Wednesday, November 30, 2011

Thoughts: Dubliners by James Joyce

I bought a copy of Portrait of the Artist as a Young Man when I was fifteen, read the first couple of chapters, put the book down, and never looked back. Rinse and repeat the last three steps, and that, my friends, is my history with the elusive James Joyce. When I found a copy of Dubliners and realized that I could actually UNDERSTAND the first couple of pages, I immediately bought it. The main thought running through my head: WE MEET AGAIN, JOYCE. We meet again. *Insert maniacal laughter here.*

Before I go any further with this review, let me get this off my chest. Dubliners was depressing as hell. Almost all of the characters aim for something that will lift them up from the monotony of their daily lives or set them free from commitments they surprisingly found themselves buried in, and guess what? Almost all of them fail. In Araby, a boy tries his best to make it to a night market to buy something special for a girl he likes. The ending kind of broke my heart.

I kowtow to Joyce, because he never condescended toward his readers. Dubliners might be the easiest thing-to-read a.k.a book by Joyce I’ve ever encountered, but the fact that it was written by James Joyce means that it’s still pretty freakin’ hard to get through. There was a certain short story in there about politicians (In hospitals? I have no idea what I’m talking about), and I didn’t understand a single thing. What I did understand, though, made me feel proud. I’ve gotten so used to modern authors who dumb down their books that this reading experience was pretty exciting—like the FIFA World Cup for literary nerds. Minus the hot guys.

In the entire collection, aside from Araby and The Dead, the story that really made a mark on me was Eveline. The main character, Eveline, defines a woman who is stuck in the confines of her roles as a sister and a daughter. Life is hard, but Frank, Eveline’s boyfriend, serves as the light at the end of the tunnel. Frank wants Eveline to run away with him, and she must make a crucial decision. Escape to the unknown or face the known miseries of poverty and an alcoholic father? The resolution of this short story made me put the book down, and stare up at the ceiling for a while, asking myself what I would I have done if I were in her shoes.

I actually thought I would hate this book, but I kind of liked it. Yes, the hopelessness of the characters’ lives was depressing, but it made me think. The short stories in Dubliners made me put the book down, so I could take a deep breath and think about the characters and what James Joyce is trying to tell me. Me, the reader. Me, the person. I have to say that was quite an experience.

Rating: 3/5

14 comments:

Trisha said...

A more readable Joyce? I may have to give it a whirl. I'm not on the best of terms with him either....

Trish said...

Dubliners was in my hands recently and I must say I was surprised, also, with how readable the stories were. I only got through the first few, though, but now I'm inspired to tackle the rest.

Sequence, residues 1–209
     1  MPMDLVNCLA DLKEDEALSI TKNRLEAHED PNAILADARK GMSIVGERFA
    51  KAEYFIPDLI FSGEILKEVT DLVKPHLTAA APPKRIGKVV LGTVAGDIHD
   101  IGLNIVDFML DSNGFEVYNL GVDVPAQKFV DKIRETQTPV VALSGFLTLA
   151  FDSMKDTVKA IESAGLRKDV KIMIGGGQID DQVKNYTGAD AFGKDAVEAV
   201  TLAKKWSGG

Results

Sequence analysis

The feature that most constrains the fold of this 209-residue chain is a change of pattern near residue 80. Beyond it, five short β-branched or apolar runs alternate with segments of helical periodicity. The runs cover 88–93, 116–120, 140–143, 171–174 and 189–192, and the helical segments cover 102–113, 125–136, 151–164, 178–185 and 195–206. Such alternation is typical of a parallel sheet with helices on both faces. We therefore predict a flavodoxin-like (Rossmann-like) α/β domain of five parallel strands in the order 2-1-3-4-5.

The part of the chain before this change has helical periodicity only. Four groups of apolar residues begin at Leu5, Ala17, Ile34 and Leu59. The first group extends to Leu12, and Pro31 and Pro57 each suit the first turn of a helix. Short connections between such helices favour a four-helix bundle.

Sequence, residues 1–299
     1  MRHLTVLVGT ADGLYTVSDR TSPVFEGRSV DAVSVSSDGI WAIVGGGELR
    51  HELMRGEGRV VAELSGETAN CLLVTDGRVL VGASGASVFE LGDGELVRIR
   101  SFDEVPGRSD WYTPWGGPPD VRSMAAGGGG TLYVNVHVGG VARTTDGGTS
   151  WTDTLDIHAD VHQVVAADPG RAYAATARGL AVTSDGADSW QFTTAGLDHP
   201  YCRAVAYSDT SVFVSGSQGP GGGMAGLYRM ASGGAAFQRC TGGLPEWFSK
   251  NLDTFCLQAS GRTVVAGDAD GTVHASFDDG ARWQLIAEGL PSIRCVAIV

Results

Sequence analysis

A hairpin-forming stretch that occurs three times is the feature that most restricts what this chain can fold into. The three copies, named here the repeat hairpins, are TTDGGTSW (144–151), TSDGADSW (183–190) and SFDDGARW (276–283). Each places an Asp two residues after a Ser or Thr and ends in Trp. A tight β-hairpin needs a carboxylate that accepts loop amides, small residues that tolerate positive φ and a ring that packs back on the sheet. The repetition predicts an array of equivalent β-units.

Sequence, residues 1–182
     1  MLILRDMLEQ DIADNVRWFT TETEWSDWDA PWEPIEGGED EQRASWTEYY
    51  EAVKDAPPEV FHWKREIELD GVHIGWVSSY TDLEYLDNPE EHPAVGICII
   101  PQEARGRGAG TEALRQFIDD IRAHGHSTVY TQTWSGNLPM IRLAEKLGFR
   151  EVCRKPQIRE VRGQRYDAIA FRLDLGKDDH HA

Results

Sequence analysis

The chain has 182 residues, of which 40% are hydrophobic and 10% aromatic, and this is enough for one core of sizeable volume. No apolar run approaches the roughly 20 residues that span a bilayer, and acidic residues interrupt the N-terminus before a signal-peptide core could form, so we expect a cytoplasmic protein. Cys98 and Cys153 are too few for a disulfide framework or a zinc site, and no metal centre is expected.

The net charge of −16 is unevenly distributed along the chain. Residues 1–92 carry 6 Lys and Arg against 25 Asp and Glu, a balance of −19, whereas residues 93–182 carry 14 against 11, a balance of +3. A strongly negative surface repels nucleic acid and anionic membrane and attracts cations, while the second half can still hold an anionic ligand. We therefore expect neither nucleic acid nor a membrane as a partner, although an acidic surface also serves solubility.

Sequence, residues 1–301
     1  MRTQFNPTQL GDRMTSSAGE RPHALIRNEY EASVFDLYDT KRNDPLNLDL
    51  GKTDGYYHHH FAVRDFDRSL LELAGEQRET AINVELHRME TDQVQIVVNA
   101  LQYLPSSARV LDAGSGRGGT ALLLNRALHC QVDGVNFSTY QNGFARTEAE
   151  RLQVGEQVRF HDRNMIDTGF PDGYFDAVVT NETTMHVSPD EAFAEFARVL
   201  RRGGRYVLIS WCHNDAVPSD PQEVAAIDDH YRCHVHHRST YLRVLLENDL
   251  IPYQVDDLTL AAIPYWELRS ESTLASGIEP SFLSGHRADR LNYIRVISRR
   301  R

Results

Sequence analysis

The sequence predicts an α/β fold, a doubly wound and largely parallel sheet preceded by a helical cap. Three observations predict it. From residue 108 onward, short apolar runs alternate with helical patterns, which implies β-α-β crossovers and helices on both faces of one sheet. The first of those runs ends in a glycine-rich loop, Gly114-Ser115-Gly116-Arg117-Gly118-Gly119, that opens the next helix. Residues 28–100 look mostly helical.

Reading Rambo said...

You have, for the first time, made me possibly interested in Joyce. It's weird...Araby sounds familiar. I think my 6th grade English teacher might have given us that to read, and it's possibly why I retain a negative impression of him (you know..because I was *11*).

The Dead! Anjelica Huston's in that movie.

Zibilee said...

You know, I have never read Joyce, and I have always been sort of scared to, but after reading that you had success with this one, I am emboldened to try this book out! I love books that pull my heartstrings and don't dumb it down for the reader. Great review today, Darlyn! I need to see if I can find this one!

Sam (Tiny Library) said...

I have to admit that I don't have any desire to read Joyce as he strikes me as being a big literary snob. But I applaud anyone who manages to get through one of his books and enjoy the experience!

Allie said...

I came away with some of the same thoughts-some stories were easier than others, and I enjoyed some more than others too. :)

I did like Eveline. It made my heart break a bit, but I liked it.

I have Portrait and Ulysses sitting on my shelf. I think they're going to sit there for a bit.

Nymeth said...

I've yet to have any luck with Joyce's novels, but I also liked this collection. "The Dead" is definitely a standout.

Kristi said...

I have Portrait of the Artist as a Young Man on my shelf, but have yet to have the guts to crack that sucker open.

I'm glad to hear that Dubliners was more accessible. Maybe I'll give it a try before I attempt any other Joyce.

Nicola said...

Your experiences with Joyce echo mine. Couldn't bear Portrait of the Artist ... Quite liked The Dubliners. Youre review has prompted me to revisit it.

Nicola said...

Your experiences with Joyce echo mine. Couldn't bear Portrait of the Artist ... Quite liked The Dubliners. Youre review has prompted me to revisit it.

Nicola said...

Your experiences with Joyce echo mine. Couldn't bear Portrait of the Artist ... Quite liked The Dubliners. Youre review has prompted me to revisit it.

Kailana said...

Of all the classic authors, Joyce is probably the only one I can safely say I haven't read because he intimidates me. The rest of them I am just slow getting around to...

Rebecca Reid said...

I have yet to attempt any other Joyce but I really did like these stories, depressing as they are. I actually remembered reading Araby in ninth grade and I've never forgotten it. So when I found it in this volume a few years ago, I was so excited!

mel u said...

any of these stories would be perfect for Irish Short Stories Week!

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